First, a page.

Pakistan’s Development and Asian Experience (The Iqbal Memorial Lecture)

Gustav F. Papanek

Abstract


To summarise the conclusions of this paper: 1. Pakistan not
only has to deal with a cash flow problem, it also has to make the
difficult structural adjustment of living within its means, after nearly
50 years of failing to do so. 2. Despite large resource inflows and
periods of good economic management Pakistan’s per capita growth has
been less than half of that in rapidly growing Asian economies. The
country has therefore failed to reduce poverty as much as it could have.
3. This performance was the result of inadequate export growth, savings
and attractiveness to foreign private investment. Two periods of good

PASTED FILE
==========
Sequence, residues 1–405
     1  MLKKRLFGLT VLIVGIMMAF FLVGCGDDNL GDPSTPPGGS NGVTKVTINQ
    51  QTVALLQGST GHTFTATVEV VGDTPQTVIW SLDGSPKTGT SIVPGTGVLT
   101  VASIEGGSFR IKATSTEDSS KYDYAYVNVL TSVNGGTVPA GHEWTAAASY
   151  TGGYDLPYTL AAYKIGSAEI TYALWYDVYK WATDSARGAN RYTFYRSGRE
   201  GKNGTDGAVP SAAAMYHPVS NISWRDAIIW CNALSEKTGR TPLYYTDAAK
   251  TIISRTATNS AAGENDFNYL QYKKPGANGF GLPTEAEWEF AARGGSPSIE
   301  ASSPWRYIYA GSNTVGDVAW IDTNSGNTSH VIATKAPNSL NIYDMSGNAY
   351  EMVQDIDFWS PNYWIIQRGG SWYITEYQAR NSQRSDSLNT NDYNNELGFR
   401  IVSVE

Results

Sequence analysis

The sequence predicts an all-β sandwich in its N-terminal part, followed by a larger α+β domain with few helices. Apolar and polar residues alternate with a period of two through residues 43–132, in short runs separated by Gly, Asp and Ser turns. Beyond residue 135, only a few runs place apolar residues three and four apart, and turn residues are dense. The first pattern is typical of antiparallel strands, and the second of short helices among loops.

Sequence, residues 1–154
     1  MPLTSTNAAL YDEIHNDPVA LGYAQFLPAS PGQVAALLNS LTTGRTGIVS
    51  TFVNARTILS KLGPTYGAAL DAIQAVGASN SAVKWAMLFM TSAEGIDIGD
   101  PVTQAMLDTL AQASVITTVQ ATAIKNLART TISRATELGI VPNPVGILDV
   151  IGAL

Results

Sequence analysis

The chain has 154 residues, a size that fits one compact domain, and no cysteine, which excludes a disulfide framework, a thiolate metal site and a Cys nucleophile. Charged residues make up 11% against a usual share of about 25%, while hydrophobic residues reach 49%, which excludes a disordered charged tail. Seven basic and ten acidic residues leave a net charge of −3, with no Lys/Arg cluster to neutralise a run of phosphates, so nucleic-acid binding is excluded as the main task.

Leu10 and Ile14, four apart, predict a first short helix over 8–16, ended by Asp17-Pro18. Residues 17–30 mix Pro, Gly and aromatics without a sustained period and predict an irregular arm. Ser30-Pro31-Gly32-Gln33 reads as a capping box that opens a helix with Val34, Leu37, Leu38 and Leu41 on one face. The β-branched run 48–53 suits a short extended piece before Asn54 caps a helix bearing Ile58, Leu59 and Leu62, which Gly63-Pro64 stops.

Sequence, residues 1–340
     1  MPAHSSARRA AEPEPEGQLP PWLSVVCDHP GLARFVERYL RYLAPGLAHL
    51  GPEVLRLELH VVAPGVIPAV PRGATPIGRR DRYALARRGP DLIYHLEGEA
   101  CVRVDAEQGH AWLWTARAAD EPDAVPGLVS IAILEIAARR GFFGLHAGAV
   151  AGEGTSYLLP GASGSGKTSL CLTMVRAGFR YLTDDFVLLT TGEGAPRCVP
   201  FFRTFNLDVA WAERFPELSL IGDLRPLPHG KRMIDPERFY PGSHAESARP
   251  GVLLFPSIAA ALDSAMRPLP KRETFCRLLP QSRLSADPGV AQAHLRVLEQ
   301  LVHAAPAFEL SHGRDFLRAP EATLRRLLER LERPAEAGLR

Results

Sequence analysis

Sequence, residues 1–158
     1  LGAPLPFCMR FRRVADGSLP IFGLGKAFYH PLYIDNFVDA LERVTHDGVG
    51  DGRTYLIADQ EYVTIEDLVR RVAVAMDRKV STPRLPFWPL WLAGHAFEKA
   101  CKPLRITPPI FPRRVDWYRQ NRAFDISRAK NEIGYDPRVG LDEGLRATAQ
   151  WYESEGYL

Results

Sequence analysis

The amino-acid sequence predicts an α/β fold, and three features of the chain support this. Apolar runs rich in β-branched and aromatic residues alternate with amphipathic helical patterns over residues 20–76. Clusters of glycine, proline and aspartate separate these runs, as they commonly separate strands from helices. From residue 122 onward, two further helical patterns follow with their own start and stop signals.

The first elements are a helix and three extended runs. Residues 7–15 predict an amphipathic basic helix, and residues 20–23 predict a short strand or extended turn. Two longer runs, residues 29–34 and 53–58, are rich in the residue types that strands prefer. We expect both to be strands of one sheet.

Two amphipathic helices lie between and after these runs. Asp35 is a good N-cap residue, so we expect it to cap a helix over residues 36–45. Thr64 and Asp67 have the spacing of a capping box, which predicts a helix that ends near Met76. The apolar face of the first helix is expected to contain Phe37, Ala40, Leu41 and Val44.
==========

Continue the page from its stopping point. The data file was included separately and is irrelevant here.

economic management show the impressive potential of the economy. 4. The
heart of an appropriate economic strategy is to make non-traditional
exports more profitable. 5. It is appropriate to emphasise the need for
further decontrol and greater reliance on the market. But government has
an important role in providing infant industry incentives for exports
and compensating for externalities. 6. To maintain political support for
reforms government must allocate fairly the pain and gains, and reduce
corruption.

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DOI: https://doi.org/10.30541/v35i4Ipp.343-382

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